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Colombia: Two shipments of grapes from the United States and Spain are sent back to their ports of origin

Two fresh grape shipments from the United States and Spain were intercepted by the Colombian Agricultural Institute (ICA) in the terminal ports of Cartagena and Buenaventura as they were infested by a pest.

The shipments were infested by the Pseudococcus viburni plague, more commonly known as the vine mealybug; a pest of economic importance for species such as apple, pear, grape and citrus. In total, 31,813 kilograms of grapes were intercepted and sent back to their ports of origin.

18,076 kilograms came from Spain and the rest (13,737 kilograms) from the United States. The entity took this decision as the country doesn't have this pest and if it came into the country it would seriously affect horticultural and ornamental crops, in addition to restricting the export of these products to other countries.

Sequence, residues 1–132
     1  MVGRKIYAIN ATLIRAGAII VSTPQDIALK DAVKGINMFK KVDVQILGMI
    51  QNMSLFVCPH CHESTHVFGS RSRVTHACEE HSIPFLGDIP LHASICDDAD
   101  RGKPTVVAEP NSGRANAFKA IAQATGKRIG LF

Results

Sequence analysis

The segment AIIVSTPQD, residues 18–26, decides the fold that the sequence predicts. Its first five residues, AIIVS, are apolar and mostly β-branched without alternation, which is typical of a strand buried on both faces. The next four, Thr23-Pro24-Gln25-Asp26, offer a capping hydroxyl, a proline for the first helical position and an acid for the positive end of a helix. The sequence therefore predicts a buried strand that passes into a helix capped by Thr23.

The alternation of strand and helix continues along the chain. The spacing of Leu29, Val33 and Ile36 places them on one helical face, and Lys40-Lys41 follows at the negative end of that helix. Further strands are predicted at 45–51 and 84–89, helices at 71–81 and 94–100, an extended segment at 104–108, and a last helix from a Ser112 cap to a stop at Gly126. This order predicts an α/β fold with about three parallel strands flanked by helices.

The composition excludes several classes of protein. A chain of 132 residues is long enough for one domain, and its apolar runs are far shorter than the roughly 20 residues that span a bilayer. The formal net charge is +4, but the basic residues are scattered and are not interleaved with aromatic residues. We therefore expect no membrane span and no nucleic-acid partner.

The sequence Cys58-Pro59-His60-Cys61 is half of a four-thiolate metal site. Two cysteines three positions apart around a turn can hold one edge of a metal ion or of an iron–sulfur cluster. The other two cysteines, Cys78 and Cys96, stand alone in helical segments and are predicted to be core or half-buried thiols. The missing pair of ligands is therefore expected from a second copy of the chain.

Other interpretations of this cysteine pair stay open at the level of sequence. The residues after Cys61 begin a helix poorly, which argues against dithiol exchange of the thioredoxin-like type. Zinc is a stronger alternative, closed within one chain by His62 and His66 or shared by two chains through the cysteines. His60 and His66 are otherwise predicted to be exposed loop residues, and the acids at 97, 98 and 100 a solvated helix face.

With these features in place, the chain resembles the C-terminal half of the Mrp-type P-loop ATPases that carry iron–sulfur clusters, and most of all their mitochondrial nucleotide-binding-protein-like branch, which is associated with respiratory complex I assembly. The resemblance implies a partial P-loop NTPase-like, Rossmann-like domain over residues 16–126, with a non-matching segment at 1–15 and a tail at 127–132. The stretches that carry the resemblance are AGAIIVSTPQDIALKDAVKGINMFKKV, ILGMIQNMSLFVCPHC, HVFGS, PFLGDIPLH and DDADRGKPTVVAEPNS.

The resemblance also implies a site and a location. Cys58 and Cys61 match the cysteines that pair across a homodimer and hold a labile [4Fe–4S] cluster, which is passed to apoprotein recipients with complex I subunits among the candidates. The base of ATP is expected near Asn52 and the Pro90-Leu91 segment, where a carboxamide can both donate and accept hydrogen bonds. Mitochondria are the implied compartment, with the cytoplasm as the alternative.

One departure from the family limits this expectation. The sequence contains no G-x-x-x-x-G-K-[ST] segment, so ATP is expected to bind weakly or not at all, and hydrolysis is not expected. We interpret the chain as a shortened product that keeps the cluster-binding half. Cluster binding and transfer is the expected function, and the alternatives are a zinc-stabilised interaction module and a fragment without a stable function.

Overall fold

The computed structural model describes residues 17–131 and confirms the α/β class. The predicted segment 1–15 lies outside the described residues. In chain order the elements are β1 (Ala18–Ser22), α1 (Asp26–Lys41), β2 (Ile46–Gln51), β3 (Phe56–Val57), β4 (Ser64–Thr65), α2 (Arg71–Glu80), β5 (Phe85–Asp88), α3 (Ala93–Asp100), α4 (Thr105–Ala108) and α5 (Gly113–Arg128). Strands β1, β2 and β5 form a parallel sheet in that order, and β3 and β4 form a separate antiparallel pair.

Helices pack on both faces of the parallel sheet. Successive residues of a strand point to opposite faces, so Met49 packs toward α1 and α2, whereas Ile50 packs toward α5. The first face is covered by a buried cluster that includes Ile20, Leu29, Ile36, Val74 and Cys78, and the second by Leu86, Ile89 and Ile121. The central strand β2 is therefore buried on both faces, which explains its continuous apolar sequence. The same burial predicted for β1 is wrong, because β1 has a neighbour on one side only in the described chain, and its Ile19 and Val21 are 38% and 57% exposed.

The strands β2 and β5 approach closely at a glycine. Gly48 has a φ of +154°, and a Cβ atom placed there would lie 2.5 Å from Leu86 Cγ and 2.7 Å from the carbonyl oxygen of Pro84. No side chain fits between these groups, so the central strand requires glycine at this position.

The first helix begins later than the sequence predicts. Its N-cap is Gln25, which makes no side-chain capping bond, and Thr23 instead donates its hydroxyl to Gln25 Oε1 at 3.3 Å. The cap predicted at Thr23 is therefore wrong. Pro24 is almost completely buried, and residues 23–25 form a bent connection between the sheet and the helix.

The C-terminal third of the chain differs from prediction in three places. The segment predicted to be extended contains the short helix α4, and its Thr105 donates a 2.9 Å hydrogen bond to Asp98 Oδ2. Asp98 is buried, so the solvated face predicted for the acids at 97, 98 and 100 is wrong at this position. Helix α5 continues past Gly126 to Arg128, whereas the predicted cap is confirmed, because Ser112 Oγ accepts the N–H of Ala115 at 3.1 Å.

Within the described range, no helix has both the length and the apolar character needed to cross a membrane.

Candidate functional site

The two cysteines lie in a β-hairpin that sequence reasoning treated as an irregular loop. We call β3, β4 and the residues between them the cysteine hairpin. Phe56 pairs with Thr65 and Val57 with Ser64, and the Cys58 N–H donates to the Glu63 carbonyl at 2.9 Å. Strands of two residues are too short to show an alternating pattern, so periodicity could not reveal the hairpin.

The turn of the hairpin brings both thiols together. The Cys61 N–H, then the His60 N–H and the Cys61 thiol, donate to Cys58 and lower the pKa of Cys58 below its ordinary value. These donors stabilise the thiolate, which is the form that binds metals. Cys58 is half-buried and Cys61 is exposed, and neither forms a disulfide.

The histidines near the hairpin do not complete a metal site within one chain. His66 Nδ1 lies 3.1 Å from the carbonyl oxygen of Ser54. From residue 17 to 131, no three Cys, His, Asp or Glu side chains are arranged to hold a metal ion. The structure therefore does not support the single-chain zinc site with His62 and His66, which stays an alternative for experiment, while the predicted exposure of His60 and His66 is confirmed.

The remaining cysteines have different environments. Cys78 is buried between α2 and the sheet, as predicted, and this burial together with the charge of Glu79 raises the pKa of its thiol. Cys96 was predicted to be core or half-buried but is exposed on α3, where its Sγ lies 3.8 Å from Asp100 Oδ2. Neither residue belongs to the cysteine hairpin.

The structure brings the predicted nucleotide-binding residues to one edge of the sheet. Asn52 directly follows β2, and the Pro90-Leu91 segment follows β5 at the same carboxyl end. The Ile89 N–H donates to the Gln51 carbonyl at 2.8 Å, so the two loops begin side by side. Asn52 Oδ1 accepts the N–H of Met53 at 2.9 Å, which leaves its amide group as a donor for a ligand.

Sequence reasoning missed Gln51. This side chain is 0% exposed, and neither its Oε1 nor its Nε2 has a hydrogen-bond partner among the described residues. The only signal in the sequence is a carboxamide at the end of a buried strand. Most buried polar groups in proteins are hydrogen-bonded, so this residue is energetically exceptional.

"This pest is a sucking insect that is located in the leaves and fruits of about eighty different plant families. These insects, which are considered vectors of leafrollers viruses ( GLRaVs ) in grapevines, clump together and form colonies, which together with some species of ants create a symbiosis and reduce the productive capacity of plants by direct and side effects, respectively," explained the ICA’s General Manager.

The official added that the pest was detected through the permanent actions taken by the entity in its first barrier functions, which includes phytosanitary control of agricultural imports at ports, airports and border crossings , in order to protect plant and animal health in the country and, therefore, to maintain its health status.


Source : ICA


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